Avoiding Raunchy Movies Doesn't Make You Legalistic

'The Heat'
Sandra Bullock and Melissa McCarthy star in 'The Heat,' which features crude jokes, curse words, the frequent misuse of God's name, adultery and more. (Twentieth Century Fox)

Recently my wife and I attended a decent movie when we had an encounter with a Christian woman in the lobby. Making conversation, I inquired what film she was seeing and had to conceal my cringe when she told me the title of the flick.

"Are you aware of the content?" I gently inquired, as I had previously read a review. Not wanting to come across as self-righteous or critical, I bantered with her a bit about what she was about to partake of. She giggled and then shrugged it off by saying, "Well, I already bought the ticket!" To which I smiled and said, "Nobody stands at entrances; there's a bunch of other decent flicks." "Well ... I like the actress who's one of the leads," she said. 

I knew this was a losing cause.

What was it my sister in the Lord saw as she sat in that theater? An R-rated profane comedy starring "America's sweetheart" (from the godly film The Blind Side) featuring constant crude jokes about female and male genitals, 150 F-words, characters misusing God's name more than 60 times, adultery, violence (including people shot in the head and genitals with blood spurting), drunkenness, cocaine use, stealing and a nonstop barrage of human indecency.

"At least there weren't any major displays of nudity, homosexuality or gore!" you might say.

True, but are Christians really in touch with what's happening today to entertainment? How many in our ranks are sadly being seduced to compromise and just "go with the flow"? We don't want to be accused of legalism, you know.

Hollywood churns out shocking raunchfest movies—directed primarily at youth—intended to gross people out at a torrid pace. Feces, vomiting, bodily functions, profanity, nudity, sexual perversions, self-pleasing and as many crass and crude jokes as possible is standard fare. Next up in the long line of films like this is The To-Do List about a young high school girl trying to prepare herself for college by systematically learning the ins and outs of every kind of imaginable kinky sexual activity—no holds barred. It ought to be hilarious!

The music industry is right in line, serving our young people video nudity on top of lyrics that likewise are downright shameful. Justin Timberlake's blockbuster "Tunnel Vision" features naked female dancers, which YouTube justifies as having "educational" and "artistic context." Robin Thicke has the No. 1 spot on Billboard's Top 100 with "Blurred Lines," the video of which features totally topless and bare-behind dancers. Right behind, at the No. 2 spot, is our dear former Disney princess Miley Cyrus with her defiant anthem "We Can't Stop!"—a totally disgraceful display of rebellion and sensuality. Hannah Montana, come back, please. I'm prayin' for you!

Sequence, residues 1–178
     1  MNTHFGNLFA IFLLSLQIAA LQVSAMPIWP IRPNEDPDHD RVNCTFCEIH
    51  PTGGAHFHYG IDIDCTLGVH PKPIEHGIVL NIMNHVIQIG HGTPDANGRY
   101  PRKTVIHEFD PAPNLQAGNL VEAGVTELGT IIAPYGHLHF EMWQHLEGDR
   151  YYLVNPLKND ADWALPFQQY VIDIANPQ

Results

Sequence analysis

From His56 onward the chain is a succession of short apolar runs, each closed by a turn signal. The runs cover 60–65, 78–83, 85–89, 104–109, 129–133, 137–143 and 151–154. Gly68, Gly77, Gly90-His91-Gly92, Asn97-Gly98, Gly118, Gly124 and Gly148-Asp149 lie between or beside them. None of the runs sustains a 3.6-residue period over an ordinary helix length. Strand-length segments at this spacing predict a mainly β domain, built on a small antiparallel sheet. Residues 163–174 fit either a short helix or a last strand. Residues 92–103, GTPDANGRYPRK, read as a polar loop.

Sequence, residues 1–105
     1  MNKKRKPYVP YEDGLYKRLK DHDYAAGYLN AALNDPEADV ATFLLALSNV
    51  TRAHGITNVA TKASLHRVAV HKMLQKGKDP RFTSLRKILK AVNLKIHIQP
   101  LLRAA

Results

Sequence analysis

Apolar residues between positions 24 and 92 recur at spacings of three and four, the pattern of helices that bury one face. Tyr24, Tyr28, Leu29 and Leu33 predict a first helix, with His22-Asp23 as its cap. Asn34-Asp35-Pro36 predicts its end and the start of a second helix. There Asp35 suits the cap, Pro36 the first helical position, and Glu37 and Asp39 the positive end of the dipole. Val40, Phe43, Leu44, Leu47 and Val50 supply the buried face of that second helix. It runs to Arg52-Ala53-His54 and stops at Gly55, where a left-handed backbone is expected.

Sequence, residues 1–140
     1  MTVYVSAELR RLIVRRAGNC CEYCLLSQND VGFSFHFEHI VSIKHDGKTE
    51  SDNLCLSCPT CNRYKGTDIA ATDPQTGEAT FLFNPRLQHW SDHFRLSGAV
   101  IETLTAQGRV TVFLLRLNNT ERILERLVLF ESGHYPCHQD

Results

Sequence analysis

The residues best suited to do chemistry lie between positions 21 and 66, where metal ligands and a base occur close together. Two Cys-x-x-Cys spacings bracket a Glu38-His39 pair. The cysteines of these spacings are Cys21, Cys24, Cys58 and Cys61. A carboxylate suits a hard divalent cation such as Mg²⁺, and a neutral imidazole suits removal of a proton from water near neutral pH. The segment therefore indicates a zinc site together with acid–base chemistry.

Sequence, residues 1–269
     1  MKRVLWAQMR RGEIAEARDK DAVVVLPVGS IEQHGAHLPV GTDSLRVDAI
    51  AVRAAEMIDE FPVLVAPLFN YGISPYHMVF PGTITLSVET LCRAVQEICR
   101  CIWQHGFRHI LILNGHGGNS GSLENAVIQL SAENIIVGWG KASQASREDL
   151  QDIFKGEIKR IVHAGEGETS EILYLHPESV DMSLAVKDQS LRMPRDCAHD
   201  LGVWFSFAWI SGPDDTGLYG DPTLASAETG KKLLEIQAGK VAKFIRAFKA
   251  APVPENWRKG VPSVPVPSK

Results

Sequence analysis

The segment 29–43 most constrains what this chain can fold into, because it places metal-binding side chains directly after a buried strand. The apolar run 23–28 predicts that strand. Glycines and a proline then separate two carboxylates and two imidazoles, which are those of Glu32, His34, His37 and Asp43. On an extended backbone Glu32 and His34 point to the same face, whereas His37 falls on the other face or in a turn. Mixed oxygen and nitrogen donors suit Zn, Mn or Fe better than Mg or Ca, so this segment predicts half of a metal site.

I'm not citing these examples to discourage the reader but rather to awaken us to how far our culture has crumbled, how desperately we need revival and how those of us who are parents must remain vigilant in our homes.

Navigating the Gray Areas
From television to music to the Internet and other entertainment choices, we daily confront situations that affect our walk with Jesus and our character. As Hebrews 12:14 teaches, without holiness, no man will see the Lord. 

Religion can come up with lists of dos and don'ts, but those lists don't deal with our hearts. If we are determined to glorify God in every area of our life, may these 10 questions help us evaluate entertainment in order to walk in a manner pleasing of the Lord: 

  1. Is it beneficial—spiritually, mentally and physically—to me as a Christian? (1 Cor. 6:12)
  2. Can I do it in fullness of faith? If I doubt, better do without! (Rom. 14:23)
  3. Will it enslave me and bring me under its power? (1 Cor. 6:12)
  4. Does it glorify God? (1 Cor. 10:31)
  5. Is it good stewardship of time and/or money? (1 Cor. 4:2)
  6. Will it dull my spirit and cause me to lose my edge in God? (Rom. 12:11)
  7. Will it grieve (sadden) the Holy Spirit? (Eph. 4:30)
  8. Will it edify others? Does it seek their good? (1 Cor. 10:33)
  9. Is it worth imitating? (1 Cor. 11:1)
  10. Could it cause others to stumble? (Rom. 14:21)

Sometimes evaluations are easy to make based on clear-cut Scripture teachings. Where it's not crystal clear, may these guidelines guide us.

I don't know about you, but I want everything God has for us as His people in these climactic hours of history. Entertainment is undoutedly eroding, but the true church of Jesus Christ is arising! As Scripture promises, it will be a glorious church before His return. We have a chance to be a part of seeing that bride radiate in all her beauty. Will you join me?

 

Larry Tomczak is a best-selling author and cultural commentator with over 40 years of trusted ministry experience. His passion is to bring perspective, analysis and insight from a biblical worldview. He loves people and loves awakening them to today's cultural realities and the responses needed for the bride of Christ—His church—to become influential in all spheres of life once again.

 

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